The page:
Stuff that Might Seem to Make Sense But Doesn’t

Nonsense

 

  1. Trying to make sense of cat behaviour. “Oh, Tabby shat in my shoe. He must be really angry at me for leaving him alone for three days.” This is obviously a case of projecting onto a cat the human tendency to take revenge by defecating in a shoe. Tabby probably doesn’t even know whose shoe it is.
  2. Interpreting dreams. If you dream about being chased, it means you fear your choices are catching up with you. If you dream of a house that’s run down, it means you’re depressed. If you constantly dream of mice, it means that you were a mouse in a previous life. This is the sort of nonsense anybody with an IQ roughly equal to my hat size can come up with. Thanks a lot, Sigmund.
  3. Going to a Chiropractor. There is little evidence that chiropractic is effective in treating anything except maybe minor back pain. A doctor I know thinks it works this way: Most minor back pain eventually goes away. When the resolution of the problem happens to coincide with visiting a chiropractor, the sufferer understandably attributes the cure to the chiropractic therapy. She tells her friends, who all suffer from back pain at some point, and the chiropractor is soon building a vacation villa in Tuscany. Seeing a chiropractor for anything other than minor back pain is extremely foolish.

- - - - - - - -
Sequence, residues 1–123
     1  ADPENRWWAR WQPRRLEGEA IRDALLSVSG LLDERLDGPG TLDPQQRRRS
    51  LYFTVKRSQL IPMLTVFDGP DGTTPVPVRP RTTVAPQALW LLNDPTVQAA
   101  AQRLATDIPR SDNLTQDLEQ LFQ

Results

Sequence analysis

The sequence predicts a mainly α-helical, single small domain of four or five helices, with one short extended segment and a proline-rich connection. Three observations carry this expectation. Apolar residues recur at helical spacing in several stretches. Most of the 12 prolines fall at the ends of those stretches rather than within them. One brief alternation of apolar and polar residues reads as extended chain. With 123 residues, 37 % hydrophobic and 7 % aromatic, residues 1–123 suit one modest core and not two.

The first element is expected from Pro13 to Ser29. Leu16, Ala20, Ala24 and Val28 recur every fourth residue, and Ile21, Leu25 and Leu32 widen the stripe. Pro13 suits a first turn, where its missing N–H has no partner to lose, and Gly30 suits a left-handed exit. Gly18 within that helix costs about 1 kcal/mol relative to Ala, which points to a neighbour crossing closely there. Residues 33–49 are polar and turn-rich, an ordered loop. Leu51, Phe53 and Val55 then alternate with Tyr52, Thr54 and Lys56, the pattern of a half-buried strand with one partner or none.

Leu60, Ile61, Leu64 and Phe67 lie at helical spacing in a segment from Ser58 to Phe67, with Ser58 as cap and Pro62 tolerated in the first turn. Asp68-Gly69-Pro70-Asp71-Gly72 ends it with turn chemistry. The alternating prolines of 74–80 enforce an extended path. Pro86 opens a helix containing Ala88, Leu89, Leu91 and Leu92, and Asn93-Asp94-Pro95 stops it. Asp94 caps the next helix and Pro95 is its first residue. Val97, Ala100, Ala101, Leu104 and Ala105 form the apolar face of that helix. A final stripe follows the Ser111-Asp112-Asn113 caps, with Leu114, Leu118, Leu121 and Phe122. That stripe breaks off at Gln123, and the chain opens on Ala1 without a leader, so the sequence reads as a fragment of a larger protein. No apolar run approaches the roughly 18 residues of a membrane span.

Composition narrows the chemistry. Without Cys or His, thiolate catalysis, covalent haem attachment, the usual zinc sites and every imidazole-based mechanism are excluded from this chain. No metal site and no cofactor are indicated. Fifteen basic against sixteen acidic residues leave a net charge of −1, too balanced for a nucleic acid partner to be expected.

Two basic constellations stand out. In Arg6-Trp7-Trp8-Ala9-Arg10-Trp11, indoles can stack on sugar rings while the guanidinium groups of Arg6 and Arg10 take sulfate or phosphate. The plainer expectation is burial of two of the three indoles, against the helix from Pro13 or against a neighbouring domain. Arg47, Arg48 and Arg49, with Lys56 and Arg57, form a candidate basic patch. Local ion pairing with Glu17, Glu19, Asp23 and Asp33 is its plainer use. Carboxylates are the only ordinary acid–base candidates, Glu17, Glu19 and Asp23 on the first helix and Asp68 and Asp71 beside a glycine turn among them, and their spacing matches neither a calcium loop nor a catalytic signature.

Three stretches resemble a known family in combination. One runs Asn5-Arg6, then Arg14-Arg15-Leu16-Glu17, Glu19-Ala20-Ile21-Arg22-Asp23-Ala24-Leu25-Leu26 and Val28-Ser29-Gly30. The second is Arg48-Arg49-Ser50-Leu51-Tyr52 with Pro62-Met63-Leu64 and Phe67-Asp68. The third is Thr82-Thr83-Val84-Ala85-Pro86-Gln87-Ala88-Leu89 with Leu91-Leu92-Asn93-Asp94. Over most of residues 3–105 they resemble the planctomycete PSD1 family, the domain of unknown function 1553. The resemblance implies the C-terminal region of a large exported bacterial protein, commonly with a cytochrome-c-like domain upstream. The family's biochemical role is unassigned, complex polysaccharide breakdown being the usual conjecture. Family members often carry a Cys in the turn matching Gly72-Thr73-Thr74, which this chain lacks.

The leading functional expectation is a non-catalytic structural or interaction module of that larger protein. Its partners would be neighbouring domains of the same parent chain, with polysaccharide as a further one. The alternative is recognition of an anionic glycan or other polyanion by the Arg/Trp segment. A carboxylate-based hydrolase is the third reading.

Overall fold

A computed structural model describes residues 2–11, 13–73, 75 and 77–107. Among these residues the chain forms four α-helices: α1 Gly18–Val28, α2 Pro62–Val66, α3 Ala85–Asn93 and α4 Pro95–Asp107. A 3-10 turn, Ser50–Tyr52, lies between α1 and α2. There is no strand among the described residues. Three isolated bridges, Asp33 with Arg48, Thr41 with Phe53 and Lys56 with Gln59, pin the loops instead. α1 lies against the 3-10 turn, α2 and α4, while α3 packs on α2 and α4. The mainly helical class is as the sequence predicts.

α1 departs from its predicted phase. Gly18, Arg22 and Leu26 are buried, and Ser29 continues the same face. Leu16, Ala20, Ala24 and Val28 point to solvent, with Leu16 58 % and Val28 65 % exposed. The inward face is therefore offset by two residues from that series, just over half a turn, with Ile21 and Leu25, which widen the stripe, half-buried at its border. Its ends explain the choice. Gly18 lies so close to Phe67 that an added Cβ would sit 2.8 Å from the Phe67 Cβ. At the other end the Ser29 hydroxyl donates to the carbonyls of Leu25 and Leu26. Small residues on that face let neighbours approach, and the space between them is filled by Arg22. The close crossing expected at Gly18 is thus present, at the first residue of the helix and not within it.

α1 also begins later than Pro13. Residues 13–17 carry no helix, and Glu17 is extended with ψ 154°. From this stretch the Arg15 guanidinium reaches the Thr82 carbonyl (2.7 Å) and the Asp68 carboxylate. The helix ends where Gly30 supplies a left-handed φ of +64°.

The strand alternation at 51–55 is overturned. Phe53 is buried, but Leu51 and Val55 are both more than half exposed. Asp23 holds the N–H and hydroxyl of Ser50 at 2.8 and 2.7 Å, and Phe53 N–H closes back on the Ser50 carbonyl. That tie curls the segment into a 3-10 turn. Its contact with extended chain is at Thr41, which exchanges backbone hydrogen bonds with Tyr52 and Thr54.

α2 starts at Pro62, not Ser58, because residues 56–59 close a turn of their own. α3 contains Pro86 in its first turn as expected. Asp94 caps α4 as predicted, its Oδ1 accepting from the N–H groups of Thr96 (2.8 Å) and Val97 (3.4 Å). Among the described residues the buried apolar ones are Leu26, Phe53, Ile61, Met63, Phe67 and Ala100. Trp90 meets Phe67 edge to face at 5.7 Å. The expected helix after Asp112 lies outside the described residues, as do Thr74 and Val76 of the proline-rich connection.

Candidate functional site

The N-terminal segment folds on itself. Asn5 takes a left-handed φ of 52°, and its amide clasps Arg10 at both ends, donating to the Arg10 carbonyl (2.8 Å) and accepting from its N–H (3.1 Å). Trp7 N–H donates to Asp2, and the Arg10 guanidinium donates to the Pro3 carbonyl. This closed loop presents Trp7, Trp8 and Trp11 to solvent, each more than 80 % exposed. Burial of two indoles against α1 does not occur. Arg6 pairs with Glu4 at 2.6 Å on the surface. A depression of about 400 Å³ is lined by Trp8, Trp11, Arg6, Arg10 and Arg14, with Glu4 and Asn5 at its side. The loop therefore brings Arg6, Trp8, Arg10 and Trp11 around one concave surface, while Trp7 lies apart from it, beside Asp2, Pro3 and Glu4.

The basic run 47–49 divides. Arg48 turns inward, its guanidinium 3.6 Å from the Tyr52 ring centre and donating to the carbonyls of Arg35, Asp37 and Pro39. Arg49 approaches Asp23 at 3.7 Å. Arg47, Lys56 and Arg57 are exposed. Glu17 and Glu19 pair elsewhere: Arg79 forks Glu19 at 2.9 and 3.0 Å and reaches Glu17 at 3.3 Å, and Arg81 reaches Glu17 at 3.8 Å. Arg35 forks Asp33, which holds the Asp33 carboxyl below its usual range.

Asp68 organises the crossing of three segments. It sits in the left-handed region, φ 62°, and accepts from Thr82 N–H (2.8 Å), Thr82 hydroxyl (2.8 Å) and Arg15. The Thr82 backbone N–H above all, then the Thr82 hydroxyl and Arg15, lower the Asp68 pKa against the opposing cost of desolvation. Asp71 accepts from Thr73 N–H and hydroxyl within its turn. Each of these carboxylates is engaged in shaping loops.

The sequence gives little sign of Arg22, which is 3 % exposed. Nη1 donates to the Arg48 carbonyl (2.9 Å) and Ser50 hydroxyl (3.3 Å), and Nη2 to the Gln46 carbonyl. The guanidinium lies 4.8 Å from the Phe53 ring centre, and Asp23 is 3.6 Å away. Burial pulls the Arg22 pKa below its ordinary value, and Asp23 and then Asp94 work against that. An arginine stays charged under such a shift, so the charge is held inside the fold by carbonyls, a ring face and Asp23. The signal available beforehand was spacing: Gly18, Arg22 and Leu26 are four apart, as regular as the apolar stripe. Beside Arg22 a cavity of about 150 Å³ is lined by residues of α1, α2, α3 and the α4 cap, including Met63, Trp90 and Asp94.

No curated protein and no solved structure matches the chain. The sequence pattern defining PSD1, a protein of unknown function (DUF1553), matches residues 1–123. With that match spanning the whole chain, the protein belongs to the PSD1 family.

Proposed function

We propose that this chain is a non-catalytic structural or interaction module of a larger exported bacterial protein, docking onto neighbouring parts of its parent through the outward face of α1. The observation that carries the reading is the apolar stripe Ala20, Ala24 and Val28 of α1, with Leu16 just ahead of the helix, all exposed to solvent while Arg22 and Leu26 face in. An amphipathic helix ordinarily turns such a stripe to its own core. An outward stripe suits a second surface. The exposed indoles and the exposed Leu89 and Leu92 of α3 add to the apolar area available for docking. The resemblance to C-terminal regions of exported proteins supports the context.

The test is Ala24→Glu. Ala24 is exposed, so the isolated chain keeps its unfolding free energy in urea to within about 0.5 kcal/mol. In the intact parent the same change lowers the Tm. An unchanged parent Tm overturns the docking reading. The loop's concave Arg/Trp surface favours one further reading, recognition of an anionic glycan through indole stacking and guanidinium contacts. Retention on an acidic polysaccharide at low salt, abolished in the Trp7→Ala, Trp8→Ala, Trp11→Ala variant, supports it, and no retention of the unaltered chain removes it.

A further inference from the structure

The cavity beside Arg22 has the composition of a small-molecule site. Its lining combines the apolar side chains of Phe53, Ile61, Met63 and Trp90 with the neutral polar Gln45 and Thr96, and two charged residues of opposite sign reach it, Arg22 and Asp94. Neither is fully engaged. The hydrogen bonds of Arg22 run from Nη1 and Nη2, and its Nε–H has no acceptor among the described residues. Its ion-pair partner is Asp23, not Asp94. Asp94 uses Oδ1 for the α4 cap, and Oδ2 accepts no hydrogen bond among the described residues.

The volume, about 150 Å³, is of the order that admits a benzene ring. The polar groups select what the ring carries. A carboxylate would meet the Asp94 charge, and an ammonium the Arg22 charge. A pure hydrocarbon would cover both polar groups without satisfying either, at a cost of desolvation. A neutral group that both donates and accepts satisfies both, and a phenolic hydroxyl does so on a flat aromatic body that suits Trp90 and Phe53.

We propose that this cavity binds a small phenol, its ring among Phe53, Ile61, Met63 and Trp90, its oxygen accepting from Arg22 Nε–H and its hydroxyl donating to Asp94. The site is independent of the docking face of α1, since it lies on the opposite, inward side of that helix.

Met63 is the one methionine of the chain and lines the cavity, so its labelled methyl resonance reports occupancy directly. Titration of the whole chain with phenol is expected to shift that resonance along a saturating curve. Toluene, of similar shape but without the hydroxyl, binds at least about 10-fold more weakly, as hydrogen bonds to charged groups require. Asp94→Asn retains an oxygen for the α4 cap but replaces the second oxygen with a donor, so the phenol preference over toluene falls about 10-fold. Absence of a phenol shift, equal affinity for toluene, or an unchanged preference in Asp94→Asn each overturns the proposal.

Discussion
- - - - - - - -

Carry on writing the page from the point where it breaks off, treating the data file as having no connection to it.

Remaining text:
4. Buying lottery tickets. Unless you’re good at day dreaming, it’s not worth it.
  5. Buying organic. People spend up to twice as much on organic produce in the belief that it’s safer, more nutritious, and tastes better. There is no evidence that organic produce is safer—organic pesticides can be lethal—or more nutritious. Blind taste tests have demonstrated again and again that no one can tell the difference between organic and non-organic by taste. By now, the organic movement has all the earmarks of a cult for the well-heeled. The less affluent become Jehovah’s Witnesses.
  6. Taking vitamins. Many assume that popping vitamin pills is a sort of insurance policy against the deleterious effects of scarfing down Big Macs and fries. Some imagine that taking megadoses of certain vitamins will make them live forever. In fact, if you eat a reasonably normal diet, you don’t need to take vitamins. If you eat a steady diet of Big Macs, taking vitamins won’t make up for it. Taking megadoses of certain vitamins will at best make your urine very expensive and at worst, do serious damage to your health.
  7. Smoking. Wait, that never made sense.
  8. Lamenting the decline of the writing skills of the young. Inscriptions decrying the writing skills of the young have been found on Sumerian tablets.
  9. Preferring Jack Daniels to George Dickel. Anybody who drinks Jack when George is available shouldn’t be drinking.
  10. Worrying about the demise of American democracy. Too late.
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One thought on “Stuff that Might Seem to Make Sense But Doesn’t

  1. Thanks for the laugh and the good advice. I’ve actually become a Dickel convert thanks to you. I still worry, though, because my name is supposed to be engraved on a barrel at the JD distillery. Will they take it off if they find out?

    Liked by 1 person

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